Colorado employers should check their vacation policies to make sure they aren’t “use it or lose it” type policies. The Colorado Department of Labor is soon to announce new enforcement provisions that will prohibit any forfeiture of earned vacation pay. We will alert you when the CDOL finalizes this rule. In the meantime, consider alternatives to “use it or lose it” vacation, such as capped vacation (it only accrues up to a certain level, and more is not earned until the employee uses what has already been earned). Another alternative is prospectively ending vacation in favor of starting something similar, such as Paid Time Off (“PTO”), which can be used for sickness, vacation, or any other reason.
By Emily Keimig
The issue of cross border data transfer—including employee data— that is.
Four years ago, Austrian law student Max Schrems attended a semester abroad study at Santa Clara University in Silicon Valley, where he heard one of Facebook’s privacy lawyers speak. In the wake of that class, Schrems launched an attack on Facebook’s data protection practices, asserting that they failed to comply with the EU’s more stringent privacy laws because among other things, they exposed those protected by such laws to the perils of Snowden-esque surveillance. Today Schrems claimed victory.
For years, U.S. companies with employees and business dealings in Europe relied upon the “Safe Harbor” agreement. Safe Harbor is an agreement between the EU and the US intended to facilitate transfer of private data (names, other identifying information, birthdate, health information, employment information and the like) between the two regions. Safe Harbor provided a means by which those companies doing business in the two regions could transfer data without risk of running afoul of the different legal requirements and frameworks of the US and the EU.
Today, the European Court of Justice (“ECJ”) ruled that Safe Harbor is invalid. While the case originally challenged practices by Facebook, the implications of the ECJ’s ruling flow not only to tech giants like Facebook and Google, but to thousands of US companies in all business sectors. Any US company that transfers personal data, including employment data, from or to a country in the EU should examine its practices and compliance strategies in light of the demise of Safe Harbor.
Click here to the Court of Justice of the European Union Press Release.
By Bill Wright
In EEOC v. Global Horizons, Inc. et al., No. CV-11-3045-EFS (E.D. Wash.), the court determined that the EEOC had conducted a shoddy administrative investigation and lacked a factual basis to pursue its theory of joint-employer liability against the defendants. The court invited the defendants to petition for attorney fees. They requested over $1,200,000. The court hasn’t yet finished the math. (It asked for more information about reasonable attorney rates in certain parts of the country.) But it looks fairly certain that the EEOC will have to pay over $1,000,000. I hear taxpayers all over the U.S. yelling, “Ouch!”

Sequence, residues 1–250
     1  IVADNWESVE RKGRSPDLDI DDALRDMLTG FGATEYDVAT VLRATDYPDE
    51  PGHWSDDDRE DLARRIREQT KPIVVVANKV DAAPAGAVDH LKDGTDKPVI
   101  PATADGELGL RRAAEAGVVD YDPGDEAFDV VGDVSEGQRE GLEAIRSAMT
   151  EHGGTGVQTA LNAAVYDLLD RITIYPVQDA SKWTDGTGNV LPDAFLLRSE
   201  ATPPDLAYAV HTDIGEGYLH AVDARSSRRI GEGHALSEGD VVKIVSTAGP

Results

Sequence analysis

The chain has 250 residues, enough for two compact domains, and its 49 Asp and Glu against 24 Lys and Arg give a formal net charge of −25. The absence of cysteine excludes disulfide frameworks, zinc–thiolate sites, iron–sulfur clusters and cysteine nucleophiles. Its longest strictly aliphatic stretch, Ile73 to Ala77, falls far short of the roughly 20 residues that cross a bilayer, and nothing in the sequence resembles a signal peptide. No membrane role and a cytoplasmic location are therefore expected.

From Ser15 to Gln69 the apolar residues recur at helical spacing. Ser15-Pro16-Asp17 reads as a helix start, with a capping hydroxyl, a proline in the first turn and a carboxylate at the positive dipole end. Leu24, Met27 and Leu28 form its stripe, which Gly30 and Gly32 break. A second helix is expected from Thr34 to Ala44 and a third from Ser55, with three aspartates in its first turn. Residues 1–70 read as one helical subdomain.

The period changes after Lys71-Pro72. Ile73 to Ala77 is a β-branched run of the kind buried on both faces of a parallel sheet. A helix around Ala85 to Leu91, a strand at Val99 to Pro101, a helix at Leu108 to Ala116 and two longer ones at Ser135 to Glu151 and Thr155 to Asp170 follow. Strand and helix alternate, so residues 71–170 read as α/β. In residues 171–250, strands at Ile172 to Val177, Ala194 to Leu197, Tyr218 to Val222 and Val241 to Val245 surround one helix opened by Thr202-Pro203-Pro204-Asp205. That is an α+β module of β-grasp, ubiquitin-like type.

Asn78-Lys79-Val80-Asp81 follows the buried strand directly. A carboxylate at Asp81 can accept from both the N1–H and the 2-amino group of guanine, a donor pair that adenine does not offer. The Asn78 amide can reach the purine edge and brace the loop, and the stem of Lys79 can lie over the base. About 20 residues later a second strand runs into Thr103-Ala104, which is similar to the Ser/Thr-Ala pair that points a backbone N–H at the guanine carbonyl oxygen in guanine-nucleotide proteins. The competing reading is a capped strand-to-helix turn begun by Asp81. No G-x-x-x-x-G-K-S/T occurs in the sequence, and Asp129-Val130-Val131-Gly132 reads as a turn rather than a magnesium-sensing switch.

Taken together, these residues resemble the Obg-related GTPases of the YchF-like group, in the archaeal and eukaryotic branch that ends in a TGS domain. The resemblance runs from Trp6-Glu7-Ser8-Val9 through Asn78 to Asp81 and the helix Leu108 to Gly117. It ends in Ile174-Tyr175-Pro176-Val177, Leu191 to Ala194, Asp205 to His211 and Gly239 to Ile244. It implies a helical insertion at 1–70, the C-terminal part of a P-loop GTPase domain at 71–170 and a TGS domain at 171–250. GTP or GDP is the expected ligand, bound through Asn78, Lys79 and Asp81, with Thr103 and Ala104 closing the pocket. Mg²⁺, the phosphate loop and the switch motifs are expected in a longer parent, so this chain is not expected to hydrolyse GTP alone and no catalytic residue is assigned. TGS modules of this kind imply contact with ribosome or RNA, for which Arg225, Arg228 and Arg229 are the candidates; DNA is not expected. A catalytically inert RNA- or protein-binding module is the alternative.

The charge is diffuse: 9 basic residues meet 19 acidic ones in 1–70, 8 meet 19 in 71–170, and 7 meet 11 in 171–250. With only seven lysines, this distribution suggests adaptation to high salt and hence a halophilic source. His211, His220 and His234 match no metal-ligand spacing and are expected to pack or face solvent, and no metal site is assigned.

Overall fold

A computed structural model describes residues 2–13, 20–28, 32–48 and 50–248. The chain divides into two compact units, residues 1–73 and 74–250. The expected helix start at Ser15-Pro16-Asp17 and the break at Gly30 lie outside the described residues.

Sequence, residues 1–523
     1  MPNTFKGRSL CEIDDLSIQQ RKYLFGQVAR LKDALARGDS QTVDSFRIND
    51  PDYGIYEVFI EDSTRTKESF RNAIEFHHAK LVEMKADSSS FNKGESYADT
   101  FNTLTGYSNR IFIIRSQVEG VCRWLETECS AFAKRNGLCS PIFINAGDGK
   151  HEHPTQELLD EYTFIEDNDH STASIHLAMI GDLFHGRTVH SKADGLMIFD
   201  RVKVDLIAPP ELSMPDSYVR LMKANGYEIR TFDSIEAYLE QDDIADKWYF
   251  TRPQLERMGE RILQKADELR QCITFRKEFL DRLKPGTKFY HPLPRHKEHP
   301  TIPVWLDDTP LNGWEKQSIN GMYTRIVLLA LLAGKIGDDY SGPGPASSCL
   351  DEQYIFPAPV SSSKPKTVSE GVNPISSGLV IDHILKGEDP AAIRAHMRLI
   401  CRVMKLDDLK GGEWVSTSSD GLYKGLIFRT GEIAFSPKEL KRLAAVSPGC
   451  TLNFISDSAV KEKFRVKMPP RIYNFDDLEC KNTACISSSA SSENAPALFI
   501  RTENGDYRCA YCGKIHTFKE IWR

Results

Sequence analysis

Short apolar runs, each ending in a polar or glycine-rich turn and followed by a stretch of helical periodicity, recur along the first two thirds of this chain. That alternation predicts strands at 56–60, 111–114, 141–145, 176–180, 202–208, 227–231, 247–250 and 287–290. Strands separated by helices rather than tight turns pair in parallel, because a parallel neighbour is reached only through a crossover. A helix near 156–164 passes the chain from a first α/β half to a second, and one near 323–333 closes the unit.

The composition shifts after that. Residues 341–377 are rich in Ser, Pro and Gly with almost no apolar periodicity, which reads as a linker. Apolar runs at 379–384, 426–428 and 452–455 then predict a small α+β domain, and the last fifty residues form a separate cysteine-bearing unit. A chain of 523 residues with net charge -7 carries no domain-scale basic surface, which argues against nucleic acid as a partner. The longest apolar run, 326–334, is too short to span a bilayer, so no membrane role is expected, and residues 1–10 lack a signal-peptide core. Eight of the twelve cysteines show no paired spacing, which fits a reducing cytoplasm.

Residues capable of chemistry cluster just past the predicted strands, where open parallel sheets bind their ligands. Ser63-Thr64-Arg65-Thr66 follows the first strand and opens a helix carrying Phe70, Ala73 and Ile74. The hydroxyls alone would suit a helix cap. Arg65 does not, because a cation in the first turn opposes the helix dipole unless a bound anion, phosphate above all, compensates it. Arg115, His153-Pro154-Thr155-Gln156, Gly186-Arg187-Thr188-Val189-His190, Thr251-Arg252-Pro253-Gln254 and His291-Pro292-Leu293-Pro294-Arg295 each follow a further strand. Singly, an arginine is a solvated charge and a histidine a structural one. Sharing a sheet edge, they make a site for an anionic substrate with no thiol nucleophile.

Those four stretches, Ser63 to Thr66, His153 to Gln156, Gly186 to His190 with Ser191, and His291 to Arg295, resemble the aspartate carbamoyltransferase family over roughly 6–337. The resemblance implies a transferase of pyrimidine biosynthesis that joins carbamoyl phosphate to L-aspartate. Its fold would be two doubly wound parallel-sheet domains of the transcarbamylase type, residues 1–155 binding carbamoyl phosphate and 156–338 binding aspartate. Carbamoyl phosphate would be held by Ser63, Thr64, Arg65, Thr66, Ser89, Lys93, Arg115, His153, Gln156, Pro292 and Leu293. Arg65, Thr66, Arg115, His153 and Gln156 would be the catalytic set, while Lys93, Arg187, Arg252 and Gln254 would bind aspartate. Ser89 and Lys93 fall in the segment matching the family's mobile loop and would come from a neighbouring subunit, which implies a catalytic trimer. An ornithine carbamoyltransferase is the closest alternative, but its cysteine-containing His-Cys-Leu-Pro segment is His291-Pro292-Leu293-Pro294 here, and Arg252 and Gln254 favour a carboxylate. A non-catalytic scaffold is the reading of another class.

For its part, the EEOC argued that such a large award of attorney fees will discourage it from pursuing Title VII cases in the future. The court responded that its aim was “to discourage the filing of groundless and frivolous Title VII lawsuits – lawsuits which place a significant burden on the employer, both of time and expense, to defend against the serious Title VII charges.” That’s a lesson the EEOC could take to heart. But will it?
By Bill Wright
In a Title VII retaliation claim, a plaintiff has to prove protected conduct was the “but-for” cause of the materially adverse action. Can a plaintiff prove “but-for” causation relying on the supposed retaliatory animus of someone other than the decision maker? Yes, but not if the decision-maker acts independently of the so-called “cat’s paw.”
In Thomas v. Berry Plastics Corp., No. 14-3200 (10th Cir. Sept. 25, 2015), plaintiff was subject to 13 disciplinary actions over 7 years and was on a last chance agreement. After the shift-lead blamed plaintiff for a quality control issue, the manager fired plaintiff. Plaintiff appealed internally, and two independent managers affirmed the discharge. In court, plaintiff tried to show that the shift-lead was biased because he had not included exculpatory information in his report. The court ruled the evidence failed to show bias, but also ruled that the employer’s internal review of the discharge decision was independent of the shift-lead’s information in that it provided the plaintiff an opportunity to tell his side of the story.
Just hearing the discharged employee out may be enough to show independence. Also, apparently, employers may cure any lack of independence with a review process that occurs after the decision. It is never too late to show independence.
By Lori Wright Keffer
On September 7, 2015, President Obama issued an executive order that will require federal contractors and subcontractors to provide their employees with up to seven or more paid sick leave days a year. The Order gives requirements for accrual, carryover, and payout of the leave, including that: (i) employees must accrue at least 1 hour of paid sick leave for every 30 hours worked (up to at least 56 accrued hours); (ii) unused paid sick leave hours carry over to the next year; but (iii) employers don’t have to pay employees for unused accrued sick leave upon termination. Employees may use the leave to care for themselves, a family member, or even a loved one, or for absences resulting from stalking, sexual assault, or domestic violence. For additional information regarding the specific requirements and conditions of the Order, see https://www.whitehouse.gov/the-press-office/2015/09/08/executive-order-establishing-paid-sick-leave-federal-contractors.
Stay tuned for the details. The Secretary of Labor will issue regulations by September 30, 2016 and the Order is to apply to federal contracts entered into after January 1, 2017. Non-federal contractors should also beware, as this looks like another example of the Administration laying the groundwork to expand federal contractor requirements to all employers over time.
See our other previous posts warning Federal Contractors:
Federal Contractors Beware – Part 1
Federal Contractors Beware – Part 2
Federal Contractors Beware – Part 3
Federal Contractors Beware – Part 4
Federal Contractors Beware – Part 5
Federal Contractors Beware – Part 6
Federal Contractors Beware – Part 7